As world population increases, disasters, both natural and man-made, show a correspondingly greater toll of human lives. Existing rescue services are inadequate with regard to major disasters. They are unable to centralize and secure the relevant expertise and to control all rescue operations involving the movement of men, materials and messages within the disaster area. Immediately after the disaster strikes, the problem of the logistic mobilization of resources and coordination of rescue, first aid and relief work emerges as a first priority. Associated with this activity may be the prevention of secondary effects such as flood, fire or explosion which are also liable to trap and kill people. Lack of coordination in relief operations has a detrimental effect on longer term reconstruction. Misdirected relief operations may also deter the less skilled yet able-bodied from participating in reconstruction. Unless there is adequate planning in the situating of relief stores, camps and emergency housing, they may be placed in areas essential for early reconstruction or in areas liable to flooding or difficult to service with water and sewage disposal.
Logistics often present the most serious obstacle to quick assistance. Many developing countries have poor land communication to isolated areas and lack the resources to hold sufficient vehicles and aircraft in readiness for emergency use. International assistance is often hampered by lack of reliable and rapid assessment of needs, resulting in inappropriate or obsolete relief supplies. The use of foreign assistance may be very seriously delayed or rendered impossible by political sensitivity to over-flying and landing arrangements for military aircraft or providing visas for the movement of foreigners within the frontiers of a State.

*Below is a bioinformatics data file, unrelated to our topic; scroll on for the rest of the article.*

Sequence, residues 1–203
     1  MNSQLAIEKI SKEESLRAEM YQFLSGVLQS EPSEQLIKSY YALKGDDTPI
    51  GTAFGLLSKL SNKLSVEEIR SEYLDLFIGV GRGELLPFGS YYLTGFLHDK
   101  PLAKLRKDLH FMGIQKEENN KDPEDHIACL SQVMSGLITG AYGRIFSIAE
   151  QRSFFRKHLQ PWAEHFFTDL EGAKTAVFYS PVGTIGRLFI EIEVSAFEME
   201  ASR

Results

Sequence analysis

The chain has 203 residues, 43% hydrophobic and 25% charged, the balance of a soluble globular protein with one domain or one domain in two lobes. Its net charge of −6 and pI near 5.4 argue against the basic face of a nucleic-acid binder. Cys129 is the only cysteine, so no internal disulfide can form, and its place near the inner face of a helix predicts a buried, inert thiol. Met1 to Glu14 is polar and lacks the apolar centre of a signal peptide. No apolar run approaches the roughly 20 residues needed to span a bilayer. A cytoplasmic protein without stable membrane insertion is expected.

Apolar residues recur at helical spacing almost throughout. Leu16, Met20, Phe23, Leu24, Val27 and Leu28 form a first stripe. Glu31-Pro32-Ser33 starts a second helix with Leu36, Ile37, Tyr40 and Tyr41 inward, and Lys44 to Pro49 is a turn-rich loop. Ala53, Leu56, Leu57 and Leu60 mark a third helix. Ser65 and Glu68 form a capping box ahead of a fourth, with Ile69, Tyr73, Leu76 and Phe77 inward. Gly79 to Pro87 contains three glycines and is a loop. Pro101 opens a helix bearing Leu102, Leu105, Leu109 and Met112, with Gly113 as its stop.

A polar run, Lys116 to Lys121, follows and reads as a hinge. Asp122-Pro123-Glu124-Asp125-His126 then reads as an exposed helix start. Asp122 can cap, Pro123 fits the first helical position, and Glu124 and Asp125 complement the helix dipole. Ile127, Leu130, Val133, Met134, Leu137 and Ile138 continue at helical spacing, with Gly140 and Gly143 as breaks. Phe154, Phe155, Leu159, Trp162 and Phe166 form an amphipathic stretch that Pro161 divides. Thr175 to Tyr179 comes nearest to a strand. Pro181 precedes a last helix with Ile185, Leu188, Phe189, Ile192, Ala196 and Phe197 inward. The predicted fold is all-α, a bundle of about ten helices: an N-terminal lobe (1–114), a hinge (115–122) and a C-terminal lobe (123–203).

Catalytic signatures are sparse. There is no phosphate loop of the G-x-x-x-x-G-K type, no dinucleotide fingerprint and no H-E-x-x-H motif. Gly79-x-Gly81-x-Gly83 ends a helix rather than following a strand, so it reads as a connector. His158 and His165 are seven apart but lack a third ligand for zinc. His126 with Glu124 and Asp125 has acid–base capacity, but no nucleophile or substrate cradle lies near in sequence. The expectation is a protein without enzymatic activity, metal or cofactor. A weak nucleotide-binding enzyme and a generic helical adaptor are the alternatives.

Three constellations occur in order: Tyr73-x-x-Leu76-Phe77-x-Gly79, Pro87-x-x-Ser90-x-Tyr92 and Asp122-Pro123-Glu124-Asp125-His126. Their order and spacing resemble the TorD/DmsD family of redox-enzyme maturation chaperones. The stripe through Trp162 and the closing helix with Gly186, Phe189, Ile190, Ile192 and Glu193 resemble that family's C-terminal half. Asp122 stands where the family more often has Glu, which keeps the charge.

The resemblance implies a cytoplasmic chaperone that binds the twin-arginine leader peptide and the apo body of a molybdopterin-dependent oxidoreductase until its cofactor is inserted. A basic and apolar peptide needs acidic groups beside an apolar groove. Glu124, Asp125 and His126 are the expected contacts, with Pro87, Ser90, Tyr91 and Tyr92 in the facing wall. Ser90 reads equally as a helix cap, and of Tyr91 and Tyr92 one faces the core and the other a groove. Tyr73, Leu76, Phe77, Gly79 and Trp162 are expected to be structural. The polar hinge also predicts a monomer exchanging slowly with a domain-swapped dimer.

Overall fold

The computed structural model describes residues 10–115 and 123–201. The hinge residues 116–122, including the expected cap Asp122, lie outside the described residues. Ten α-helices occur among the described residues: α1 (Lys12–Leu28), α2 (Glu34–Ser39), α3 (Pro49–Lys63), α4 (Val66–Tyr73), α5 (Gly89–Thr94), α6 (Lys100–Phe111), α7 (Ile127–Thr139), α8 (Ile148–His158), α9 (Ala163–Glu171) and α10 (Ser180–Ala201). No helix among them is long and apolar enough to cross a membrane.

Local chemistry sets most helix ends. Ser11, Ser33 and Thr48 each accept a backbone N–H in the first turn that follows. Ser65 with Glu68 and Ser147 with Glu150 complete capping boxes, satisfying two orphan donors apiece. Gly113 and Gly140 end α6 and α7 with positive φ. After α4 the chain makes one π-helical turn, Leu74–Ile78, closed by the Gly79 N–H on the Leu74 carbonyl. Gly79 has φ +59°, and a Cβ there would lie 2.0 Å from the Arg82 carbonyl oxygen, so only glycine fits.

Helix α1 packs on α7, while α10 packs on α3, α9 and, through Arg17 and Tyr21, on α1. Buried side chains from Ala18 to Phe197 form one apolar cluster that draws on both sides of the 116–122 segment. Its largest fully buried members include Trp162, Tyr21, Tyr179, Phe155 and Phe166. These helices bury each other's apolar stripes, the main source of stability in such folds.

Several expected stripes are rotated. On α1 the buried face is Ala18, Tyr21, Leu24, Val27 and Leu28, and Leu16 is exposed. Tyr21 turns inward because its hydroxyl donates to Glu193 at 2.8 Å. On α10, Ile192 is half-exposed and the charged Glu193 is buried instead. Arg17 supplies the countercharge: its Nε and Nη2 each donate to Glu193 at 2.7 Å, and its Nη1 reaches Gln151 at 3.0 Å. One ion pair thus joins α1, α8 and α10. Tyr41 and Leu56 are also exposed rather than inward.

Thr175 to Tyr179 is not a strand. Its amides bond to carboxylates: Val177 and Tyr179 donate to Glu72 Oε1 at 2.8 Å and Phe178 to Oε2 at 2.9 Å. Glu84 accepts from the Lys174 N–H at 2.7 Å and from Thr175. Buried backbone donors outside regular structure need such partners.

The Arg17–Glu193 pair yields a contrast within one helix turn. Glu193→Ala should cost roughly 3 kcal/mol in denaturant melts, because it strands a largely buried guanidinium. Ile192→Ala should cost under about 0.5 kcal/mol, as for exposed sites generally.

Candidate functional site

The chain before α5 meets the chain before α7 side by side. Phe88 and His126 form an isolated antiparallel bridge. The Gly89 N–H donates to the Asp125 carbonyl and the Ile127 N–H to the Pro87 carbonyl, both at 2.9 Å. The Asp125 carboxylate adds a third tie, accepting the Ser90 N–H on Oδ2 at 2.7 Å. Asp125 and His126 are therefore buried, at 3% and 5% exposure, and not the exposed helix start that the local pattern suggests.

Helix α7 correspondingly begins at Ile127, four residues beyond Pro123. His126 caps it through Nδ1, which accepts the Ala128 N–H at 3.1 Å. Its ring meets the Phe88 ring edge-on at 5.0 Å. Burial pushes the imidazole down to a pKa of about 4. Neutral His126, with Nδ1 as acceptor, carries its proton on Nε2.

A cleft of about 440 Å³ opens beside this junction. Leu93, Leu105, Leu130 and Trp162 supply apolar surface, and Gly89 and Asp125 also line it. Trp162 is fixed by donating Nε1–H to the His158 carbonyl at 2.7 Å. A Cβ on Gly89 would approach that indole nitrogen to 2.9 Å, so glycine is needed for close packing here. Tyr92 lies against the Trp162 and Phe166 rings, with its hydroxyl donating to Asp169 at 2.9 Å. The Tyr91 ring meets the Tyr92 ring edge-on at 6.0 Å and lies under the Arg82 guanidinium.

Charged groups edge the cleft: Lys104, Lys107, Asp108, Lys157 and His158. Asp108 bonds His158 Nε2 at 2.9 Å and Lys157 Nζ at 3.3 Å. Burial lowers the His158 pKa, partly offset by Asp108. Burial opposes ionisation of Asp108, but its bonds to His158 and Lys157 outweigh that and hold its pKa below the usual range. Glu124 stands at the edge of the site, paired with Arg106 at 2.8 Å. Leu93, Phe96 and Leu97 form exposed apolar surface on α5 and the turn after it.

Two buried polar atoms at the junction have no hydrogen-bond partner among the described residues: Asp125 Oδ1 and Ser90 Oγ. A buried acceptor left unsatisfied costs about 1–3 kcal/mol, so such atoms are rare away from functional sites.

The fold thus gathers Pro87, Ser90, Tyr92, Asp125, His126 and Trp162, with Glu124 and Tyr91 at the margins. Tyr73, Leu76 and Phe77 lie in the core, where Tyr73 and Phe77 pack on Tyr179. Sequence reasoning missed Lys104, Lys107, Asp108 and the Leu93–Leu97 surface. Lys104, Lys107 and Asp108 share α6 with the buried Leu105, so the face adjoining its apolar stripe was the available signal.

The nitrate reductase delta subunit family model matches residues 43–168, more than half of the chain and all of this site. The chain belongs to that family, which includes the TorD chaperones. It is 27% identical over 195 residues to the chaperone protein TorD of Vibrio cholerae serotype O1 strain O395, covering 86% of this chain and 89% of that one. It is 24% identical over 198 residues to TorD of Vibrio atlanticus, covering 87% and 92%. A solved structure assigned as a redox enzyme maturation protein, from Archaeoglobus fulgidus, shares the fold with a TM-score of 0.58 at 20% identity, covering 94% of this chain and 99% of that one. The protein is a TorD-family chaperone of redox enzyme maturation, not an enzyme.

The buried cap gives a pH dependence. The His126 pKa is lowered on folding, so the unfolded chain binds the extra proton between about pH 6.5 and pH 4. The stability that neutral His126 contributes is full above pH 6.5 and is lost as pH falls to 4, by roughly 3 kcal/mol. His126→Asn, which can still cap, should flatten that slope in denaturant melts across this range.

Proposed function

The Encyclopedia of World Problems and Human Potential is a collaboration between UIA and Mankind 2000, started in 1972. It is the result of an ambitious effort to collect and present information on the problems with which humanity is confronted, as well as the challenges such problems pose to concept formation, values and development strategies. Problems included are those identified in international periodicals but especially in the documents of some 60,000 international non-profit organizations, profiled in the Yearbook of International Organizations.
The Encyclopedia includes problems which such groups choose to perceive and act upon, whether or not their existence is denied by others claiming greater expertise. Indeed such claims and counter-claims figure in many of the problem descriptions in order to reflect the often paralyzing dynamics of international debate. In the light of the interdependence demonstrated among world problems in every sector, emphasis is placed on the need for approaches which are sufficiently complex to encompass the factions, conflicts and rival worldviews that undermine collective initiative towards a promising future.
Non-profit, apolitical, independent, and non-governmental in nature, the UIA has been a pioneer in the research, monitoring and provision of information on international organizations, international associations and their global challenges since 1907.